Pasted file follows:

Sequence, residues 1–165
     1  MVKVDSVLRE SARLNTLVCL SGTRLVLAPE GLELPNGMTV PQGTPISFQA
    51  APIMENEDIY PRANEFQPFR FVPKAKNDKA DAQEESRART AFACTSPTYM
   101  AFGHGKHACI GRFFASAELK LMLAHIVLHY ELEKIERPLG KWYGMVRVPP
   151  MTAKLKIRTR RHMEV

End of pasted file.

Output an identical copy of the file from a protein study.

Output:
Sequence, residues 1–165
     1  MVKVDSVLRE SARLNTLVCL SGTRLVLAPE GLELPNGMTV PQGTPISFQA
    51  APIMENEDIY PRANEFQPFR FVPKAKNDKA DAQEESRART AFACTSPTYM
   101  AFGHGKHACI GRFFASAELK LMLAHIVLHY ELEKIERPLG KWYGMVRVPP
   151  MTAKLKIRTR RHMEV